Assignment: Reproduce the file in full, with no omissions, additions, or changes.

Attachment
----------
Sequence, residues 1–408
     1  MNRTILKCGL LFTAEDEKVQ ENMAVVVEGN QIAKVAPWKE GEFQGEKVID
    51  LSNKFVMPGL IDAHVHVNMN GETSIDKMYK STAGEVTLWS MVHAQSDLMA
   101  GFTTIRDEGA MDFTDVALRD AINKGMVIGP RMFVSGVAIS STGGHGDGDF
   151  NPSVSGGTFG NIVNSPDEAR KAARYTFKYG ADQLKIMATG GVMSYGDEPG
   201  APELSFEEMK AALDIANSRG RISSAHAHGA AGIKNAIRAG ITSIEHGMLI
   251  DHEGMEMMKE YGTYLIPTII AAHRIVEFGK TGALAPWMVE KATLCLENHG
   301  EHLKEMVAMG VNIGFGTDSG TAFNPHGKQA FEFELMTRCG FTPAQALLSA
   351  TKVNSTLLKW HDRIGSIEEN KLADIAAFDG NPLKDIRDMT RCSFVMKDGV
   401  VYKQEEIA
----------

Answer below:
Sequence, residues 1–408
     1  MNRTILKCGL LFTAEDEKVQ ENMAVVVEGN QIAKVAPWKE GEFQGEKVID
    51  LSNKFVMPGL IDAHVHVNMN GETSIDKMYK STAGEVTLWS MVHAQSDLMA
   101  GFTTIRDEGA MDFTDVALRD AINKGMVIGP RMFVSGVAIS STGGHGDGDF
   151  NPSVSGGTFG NIVNSPDEAR KAARYTFKYG ADQLKIMATG GVMSYGDEPG
   201  APELSFEEMK AALDIANSRG RISSAHAHGA AGIKNAIRAG ITSIEHGMLI
   251  DHEGMEMMKE YGTYLIPTII AAHRIVEFGK TGALAPWMVE KATLCLENHG
   301  EHLKEMVAMG VNIGFGTDSG TAFNPHGKQA FEFELMTRCG FTPAQALLSA
   351  TKVNSTLLKW HDRIGSIEEN KLADIAAFDG NPLKDIRDMT RCSFVMKDGV
   401  VYKQEEIA